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Monday, 03 December 2018 00:00

The symptoms of a condition that is referred to as athlete’s foot may include mild to severe itching between the toes. Additionally, flaking skin may be present on other parts of the foot, and in some cases, small blisters may appear in the affected area. It is known to be caused by a fungus, which is generally contagious and may also reoccur if it is not treated promptly and correctly. Athletes foot is a result of an infection that is derived from the tinea fungus and will generally live and thrive in warm and moist areas. These may include public shower floors, in addition to pools and surrounding areas. The fungus enters the body through small cracks in the skin, and it may be beneficial to practice good foot hygiene, which may allow these tiny cracks to be noticed. If your feet are itchy and you think you may have this uncomfortable condition, it’s suggested to speak with a podiatrist who can advise you on proper treatment techniques.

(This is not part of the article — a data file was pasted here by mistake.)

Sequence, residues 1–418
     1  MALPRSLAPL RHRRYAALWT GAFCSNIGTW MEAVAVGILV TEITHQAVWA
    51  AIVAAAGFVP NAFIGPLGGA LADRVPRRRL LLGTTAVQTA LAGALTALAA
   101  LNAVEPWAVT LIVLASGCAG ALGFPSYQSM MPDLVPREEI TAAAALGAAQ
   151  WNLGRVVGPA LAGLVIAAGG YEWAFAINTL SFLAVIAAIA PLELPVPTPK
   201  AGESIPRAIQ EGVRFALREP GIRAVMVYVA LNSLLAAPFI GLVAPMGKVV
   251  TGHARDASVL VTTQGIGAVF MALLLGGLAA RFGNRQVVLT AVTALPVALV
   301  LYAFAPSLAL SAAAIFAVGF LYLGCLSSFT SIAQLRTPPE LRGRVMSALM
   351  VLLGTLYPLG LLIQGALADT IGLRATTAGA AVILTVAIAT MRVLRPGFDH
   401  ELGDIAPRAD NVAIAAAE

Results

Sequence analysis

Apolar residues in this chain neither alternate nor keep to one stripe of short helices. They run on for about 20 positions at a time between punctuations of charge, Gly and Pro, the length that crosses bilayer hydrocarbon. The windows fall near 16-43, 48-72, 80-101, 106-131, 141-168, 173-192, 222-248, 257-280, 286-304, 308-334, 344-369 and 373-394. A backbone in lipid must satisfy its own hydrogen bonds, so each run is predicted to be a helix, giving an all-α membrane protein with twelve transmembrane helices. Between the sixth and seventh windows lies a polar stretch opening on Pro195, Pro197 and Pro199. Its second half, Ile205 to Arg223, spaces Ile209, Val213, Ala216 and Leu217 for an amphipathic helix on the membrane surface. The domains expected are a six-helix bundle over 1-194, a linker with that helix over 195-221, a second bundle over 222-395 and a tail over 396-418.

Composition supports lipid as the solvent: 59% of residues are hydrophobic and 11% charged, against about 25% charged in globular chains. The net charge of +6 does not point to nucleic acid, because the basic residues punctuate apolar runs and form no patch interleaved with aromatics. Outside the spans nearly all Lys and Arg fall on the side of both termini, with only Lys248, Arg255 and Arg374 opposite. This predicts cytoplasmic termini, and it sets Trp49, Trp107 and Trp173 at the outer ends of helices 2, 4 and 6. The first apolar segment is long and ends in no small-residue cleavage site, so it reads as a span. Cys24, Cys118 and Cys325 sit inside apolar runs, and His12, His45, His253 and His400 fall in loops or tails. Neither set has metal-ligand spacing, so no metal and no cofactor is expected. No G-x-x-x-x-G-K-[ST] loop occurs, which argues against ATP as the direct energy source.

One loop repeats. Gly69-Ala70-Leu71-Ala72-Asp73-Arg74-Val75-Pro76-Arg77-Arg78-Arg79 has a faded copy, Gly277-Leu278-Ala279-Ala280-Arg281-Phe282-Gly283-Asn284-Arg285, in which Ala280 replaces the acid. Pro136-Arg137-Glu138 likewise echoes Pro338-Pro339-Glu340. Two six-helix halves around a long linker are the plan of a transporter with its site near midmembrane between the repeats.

Athlete’s Foot

Athlete’s foot is often an uncomfortable condition to experience. Thankfully, podiatrists specialize in treating athlete’s foot and offer the best treatment options. If you have any questions about athlete’s foot, consult with Dr. Arnold Tarpley, Jr. from Tarpley Foot and Ankle Center. Dr. Tarpley will assess your condition and provide you with quality treatment.

What is Athlete’s Foot?

Tinea pedis, more commonly known as athlete’s foot, is a non-serious and common fungal infection of the foot. Athlete’s foot is contagious and can be contracted by touching someone who has it or infected surfaces. The most common places contaminated by it are public showers, locker rooms, and swimming pools. Once contracted, it grows on feet that are left inside moist, dark, and warm shoes and socks.

Prevention

The most effective ways to prevent athlete’s foot include:

  • Thoroughly washing and drying feet
  • Avoid going barefoot in locker rooms and public showers
  • Using shower shoes in public showers